The notion that with the fall of the Sikhs in 1849 the British East India Company ushered in the 'modern age' in the Punjab, especially in Lahore, is one that we need to revisit. What went wrong, and remained wrong subsequently, is a subject that we all need to reconsider.
When the Lahore Khalsa Darbar collapsed, the EIC, thanks mainly to the Lawrence brothers, set about trying to win over the Punjabis, especially the Sikhs. There was a cogent reason for this. The EIC, after a survey, discovered that education in Lahore, and the Punjab, was far superior to the education the British had introduced all over 'conquered India'. In Lahore alone there were 18 formal schools for girls besides specialist schools for technical training, languages, mathematics and logic, let alone specialised schools for the three major religions, they being Hinduism, Islam and Sikhism. There were craft schools specialising in miniature painting, sketching, drafting, architecture and calligraphy.
The Company concluded that the Punjabis were years ahead in the field of education than the so-called 'enlightened' Europeans. Every village in the Punjab, through the Tehsilar, had an ample supply of the Punjabi 'qaida', which was compulsory for females. Thus, almost every Punjabi woman was literate in the sense that she could read and write the 'lundee' form of Gurmukhi. To overcome this, and yet keep the Punjabis 'in line', a deliberate campaign to burn all Punjabi 'qaida' was planned. The events of 1857 provided them this opportunity, even though it was because of the 'loyalty and sacrifices' of the Punjabis that the British regained India.
But how did the British rulers, now formally under the Crown after the EIC was dislodged after becoming bankrupt because of expense incurred in 1857, gauge the situation? Here we have an amazing book from the legendary G.W. Leitner, the founder of Government College, Lahore, and the Punjab University and undoubtedly one of the world's greatest ever linguist, who studied 'Indigenous Education in the Punjab' in amazing detail in 1882. His conclusions make much better sense today, for they were ignored by the British during the years of their rule. Not that we today care for what the great man said then, yet it seems sensible to bring the matter to our readers' attention.
In the 'Introduction' to his original 1882 publication, he starts off by stating: “… in spite of the best intentions, the most public-spirited officers, and a generous Government that had the benefit of the traditions of others provinces, the true education of the Punjab was crippled, checked and nearly destroyed … our system stands convicted of worse than official failure”. The Punjab has this tradition whereby the “most unscrupulous chief, the avaricious money-lender, and even the freebooter, vied with the small land-owner in making peace with his conscience by founding schools and rewarding the learned. There is not a mosque, a temple, a dharmsala that had not a school attached to it”.
This network the British set out to destroy. In the carnage of revenge that followed 1857, the British made it a special effort to search every house of a village and to burn every book. Even in the secular schools of Lahore which used Persian or 'lundee' as the medium of instruction, books formed the major bonfire than the British troops 'cleansed' the area. Leitner claims that before 1857 the Punjab had an estimated computation as he called it, 330,000 pupils learning “all the sciences in Arabic and Sanskrit schools and colleges, as well as Oriental literature, Oriental law, Logic, Philosophy and Medicine were taught to the highest standard”. Leitner claimed that after the events of 1857 the Punjab, by 1880, had, again a computed estimation, just 190,000 pupils. He says an entire tradition, far superior to what Europe had to offer, was destroyed.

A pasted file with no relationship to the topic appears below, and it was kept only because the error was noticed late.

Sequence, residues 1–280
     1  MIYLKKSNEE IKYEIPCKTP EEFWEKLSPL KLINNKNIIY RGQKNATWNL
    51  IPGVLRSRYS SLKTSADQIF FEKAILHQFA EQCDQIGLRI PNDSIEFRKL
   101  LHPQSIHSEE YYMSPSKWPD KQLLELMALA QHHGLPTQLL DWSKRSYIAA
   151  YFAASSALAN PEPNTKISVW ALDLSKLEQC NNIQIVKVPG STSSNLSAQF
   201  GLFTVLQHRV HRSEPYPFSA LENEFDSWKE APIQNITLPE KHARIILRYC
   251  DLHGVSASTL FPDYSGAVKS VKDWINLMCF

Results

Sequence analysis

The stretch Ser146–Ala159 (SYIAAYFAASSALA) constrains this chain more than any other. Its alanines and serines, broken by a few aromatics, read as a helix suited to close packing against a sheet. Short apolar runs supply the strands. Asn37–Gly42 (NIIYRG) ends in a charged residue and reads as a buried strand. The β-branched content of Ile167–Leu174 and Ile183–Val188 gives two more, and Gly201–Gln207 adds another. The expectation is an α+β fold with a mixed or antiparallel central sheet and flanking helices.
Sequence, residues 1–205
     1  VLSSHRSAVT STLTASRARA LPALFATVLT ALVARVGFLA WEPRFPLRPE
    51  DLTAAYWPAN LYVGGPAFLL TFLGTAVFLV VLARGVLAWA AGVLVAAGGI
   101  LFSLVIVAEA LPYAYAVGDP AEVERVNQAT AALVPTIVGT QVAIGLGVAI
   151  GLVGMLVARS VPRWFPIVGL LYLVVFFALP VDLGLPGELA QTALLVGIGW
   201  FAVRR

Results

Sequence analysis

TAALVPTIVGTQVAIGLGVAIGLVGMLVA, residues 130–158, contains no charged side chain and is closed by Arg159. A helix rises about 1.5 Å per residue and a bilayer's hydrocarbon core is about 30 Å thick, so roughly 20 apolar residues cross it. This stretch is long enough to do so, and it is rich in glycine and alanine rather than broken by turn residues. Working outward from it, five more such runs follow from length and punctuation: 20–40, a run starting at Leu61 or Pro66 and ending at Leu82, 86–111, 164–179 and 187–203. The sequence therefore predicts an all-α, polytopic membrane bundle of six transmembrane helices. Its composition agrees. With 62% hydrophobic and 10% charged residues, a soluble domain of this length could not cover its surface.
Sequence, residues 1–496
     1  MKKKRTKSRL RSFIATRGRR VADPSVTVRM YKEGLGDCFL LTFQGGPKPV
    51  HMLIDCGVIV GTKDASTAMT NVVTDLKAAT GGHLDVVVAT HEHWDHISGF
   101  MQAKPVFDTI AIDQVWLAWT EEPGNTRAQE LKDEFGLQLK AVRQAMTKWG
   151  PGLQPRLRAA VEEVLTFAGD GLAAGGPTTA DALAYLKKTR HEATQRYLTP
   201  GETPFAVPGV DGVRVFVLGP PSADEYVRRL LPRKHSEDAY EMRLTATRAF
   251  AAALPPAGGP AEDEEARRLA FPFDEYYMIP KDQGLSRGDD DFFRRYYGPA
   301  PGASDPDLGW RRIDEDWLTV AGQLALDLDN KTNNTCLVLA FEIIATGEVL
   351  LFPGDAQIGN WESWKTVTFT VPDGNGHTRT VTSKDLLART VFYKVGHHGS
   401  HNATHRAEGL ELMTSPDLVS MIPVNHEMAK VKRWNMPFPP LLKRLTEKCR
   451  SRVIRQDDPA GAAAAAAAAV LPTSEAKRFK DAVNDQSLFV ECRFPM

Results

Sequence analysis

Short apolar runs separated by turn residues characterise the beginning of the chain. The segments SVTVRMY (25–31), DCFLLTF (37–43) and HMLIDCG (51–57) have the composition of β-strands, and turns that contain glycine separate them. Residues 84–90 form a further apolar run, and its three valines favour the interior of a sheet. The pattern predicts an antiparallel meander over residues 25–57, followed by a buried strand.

To explain his claim, Leitner quotes from the Punjab Administration Report for 1849-51, paragraph 377: “The Musalman schools are nearly all connected with the village mosque, where the land is rent-free … the endowments are secular and religious to support temples, mosques, schools, village-inns … more of a monastic character”. An extract of report No. 335, 6th July, 1857, reaches the conclusion: “That elementary, and sometimes high, oriental classical and vernacular education was more widespread in the Punjab before annexation than it is now”. The report concludes that the events of 1857 destroyed the huge endowments that kept this 'magnificent educational system intact'.
Here an amazing table brings the assertions of Dr. Leitner to the fore in his claim that the Punjab, and especially Lahore, was better off educationally in the days of Maharajah Ranjit Singh than in the British days before 1882, when his research was published. It shows that total revenue collected by Ranjit Singh in his last years, say 1838-9 as equalling 1.85 million pounds. The British managed 1.45 million pounds. Then comes the stunner. “The Sikh ruler, as a percentage, spent more on education than the Company from the revenues collected.”
In the Lahore District report of 1860, we see that it had 576 formal schools where 4,225 scholars taught. This being the case, if Lahore had so many scholars (teachers) in the year 2010, it could again become a 'first world' educational city and district. Dr. Leitner provides still more statistics. He says 41.3 per cent learn the Quran, 37.0 per cent learn Persian and Urdu, 8 per cent learn Nagri, 6.7 per cent learn Gurmukhi and 7 per cent learn Hindi or debased Nagri. “The teachers are all paid in grain by the local landlords, who also send in daily rations.” Special mention has been made of the extra amounts of grain sent to teachers in Sialkot. This probably explains the qualitative edge that Sialkot education has always maintained. Its manifestations in Iqbal and Faiz can easily be seen.